In U.S. v. Siegelman, No. 09-13163 (May 10, 2011), on remand from the Supreme Court, the Court, in a 65-page opinion, affirmed some convictions and reversed others, in a case involving bribery and fraud charges against the former Governor of Alabama.
The Court affirmed convictions for violating 18 U.S.C. § 666(a)(1)(B), the federal bribery statute. The Court rejected the argument that the jury should have been instructed that bribery only occurs when payments are made in exchange for an “express” quid pro quo agreement. The Court found that this instruction would allow defendants to escape bribery liability by “knowing winks and nods.”
Turning to the honest services fraud convictions, the Court found that these convictions were unaffected by the Supreme Court recent decision in Skilling requiring a quid pro quo, because the offenses already charged a quid pro quo, and the jury were so instructed.
The Court found insufficient evidence to support Siegelman’s conviction of self-dealing in connection with the conduct of co-defendant Scrushy on an Alabama Board. The Court found that Siegelman had no awareness of Scrushy’s self-dealing. The Court also found insufficient evidence to support Scrushy’s self-dealing convictions. Post-Skilling, these convictions required a showing that Scrushy bribed someone, but there was insufficient evidence of such a bribe.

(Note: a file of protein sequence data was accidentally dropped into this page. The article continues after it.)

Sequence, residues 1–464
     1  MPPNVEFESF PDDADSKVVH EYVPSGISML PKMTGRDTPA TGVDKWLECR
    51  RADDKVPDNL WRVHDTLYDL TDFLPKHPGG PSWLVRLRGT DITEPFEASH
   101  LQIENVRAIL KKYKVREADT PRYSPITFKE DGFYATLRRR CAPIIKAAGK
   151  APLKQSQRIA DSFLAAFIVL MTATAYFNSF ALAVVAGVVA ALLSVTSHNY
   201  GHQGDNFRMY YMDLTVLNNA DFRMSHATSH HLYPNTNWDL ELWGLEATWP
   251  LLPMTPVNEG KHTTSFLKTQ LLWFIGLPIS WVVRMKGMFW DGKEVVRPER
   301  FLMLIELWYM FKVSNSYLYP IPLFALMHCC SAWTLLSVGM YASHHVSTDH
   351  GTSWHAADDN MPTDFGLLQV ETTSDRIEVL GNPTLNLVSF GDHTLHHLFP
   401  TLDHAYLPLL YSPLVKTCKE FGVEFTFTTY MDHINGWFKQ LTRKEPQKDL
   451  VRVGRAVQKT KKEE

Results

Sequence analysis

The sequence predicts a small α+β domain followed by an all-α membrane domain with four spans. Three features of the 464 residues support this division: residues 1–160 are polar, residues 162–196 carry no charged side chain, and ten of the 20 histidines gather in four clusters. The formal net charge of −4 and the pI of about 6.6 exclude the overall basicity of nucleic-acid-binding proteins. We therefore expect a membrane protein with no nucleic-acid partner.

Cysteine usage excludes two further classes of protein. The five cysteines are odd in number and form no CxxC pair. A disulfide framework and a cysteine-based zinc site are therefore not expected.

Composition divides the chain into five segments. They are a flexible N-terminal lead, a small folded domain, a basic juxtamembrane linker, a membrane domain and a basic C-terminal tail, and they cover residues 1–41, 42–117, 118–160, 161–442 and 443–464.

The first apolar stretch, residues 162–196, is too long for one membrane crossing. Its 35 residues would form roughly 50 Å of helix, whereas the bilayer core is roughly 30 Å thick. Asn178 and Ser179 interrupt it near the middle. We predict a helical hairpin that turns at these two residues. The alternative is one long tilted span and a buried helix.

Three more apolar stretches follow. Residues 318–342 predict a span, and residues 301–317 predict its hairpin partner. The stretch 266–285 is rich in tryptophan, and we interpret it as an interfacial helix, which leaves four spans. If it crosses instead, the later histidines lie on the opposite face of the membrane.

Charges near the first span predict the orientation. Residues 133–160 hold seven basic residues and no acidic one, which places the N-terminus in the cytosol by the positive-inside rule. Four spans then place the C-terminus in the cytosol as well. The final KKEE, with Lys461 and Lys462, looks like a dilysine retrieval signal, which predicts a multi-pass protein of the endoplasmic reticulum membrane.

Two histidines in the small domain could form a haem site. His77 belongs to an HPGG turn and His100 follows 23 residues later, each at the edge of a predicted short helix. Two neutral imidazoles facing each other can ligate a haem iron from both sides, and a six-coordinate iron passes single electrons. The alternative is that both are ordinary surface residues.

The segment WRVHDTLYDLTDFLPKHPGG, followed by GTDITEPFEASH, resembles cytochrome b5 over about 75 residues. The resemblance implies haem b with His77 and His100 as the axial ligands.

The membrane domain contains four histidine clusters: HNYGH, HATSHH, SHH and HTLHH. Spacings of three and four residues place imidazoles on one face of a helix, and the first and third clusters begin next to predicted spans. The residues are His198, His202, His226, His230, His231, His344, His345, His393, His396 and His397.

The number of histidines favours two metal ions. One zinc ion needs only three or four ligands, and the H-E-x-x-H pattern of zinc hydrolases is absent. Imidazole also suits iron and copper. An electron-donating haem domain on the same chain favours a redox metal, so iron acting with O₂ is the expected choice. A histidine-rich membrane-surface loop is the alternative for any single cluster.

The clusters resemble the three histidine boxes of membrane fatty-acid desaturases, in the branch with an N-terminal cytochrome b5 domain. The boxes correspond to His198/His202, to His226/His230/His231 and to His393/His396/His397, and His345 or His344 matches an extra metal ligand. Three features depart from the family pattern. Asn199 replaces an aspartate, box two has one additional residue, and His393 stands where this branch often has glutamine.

The Court affirmed a conviction of Siegelman for obstruction of justice, noting evidence showing that he tried to cover-up his receipt moneys through a false motorcycle transaction. The Court noted the jury’s split verdict on two obstruction counts, indicating that the jurors had carefully drawn inferences from circumstantial evidence.
The Court agreed with the district court’s finding that while the jury was exposed to extrinsic evidence, this exposure was harmless.
The Court rejected the argument that there were premature jury deliberations, as evidenced by an exchange of emails among jurors. The Court noted that Fed. R. Evid. 606(b) precludes inquiry of an individual juror into the validity of a verdict. Thus, although the emails would have been juror misconduct, the trial court was precluded from directly inquiring by interrogating jurors. In view of the length of deliberations, and the split verdict, the Court found no reversible error.
Finally, the Court found no error in the district court’s upward sentencing departure based on the loss of confidence suffered by the people of the state of Alabama in the integrity of its elected officials.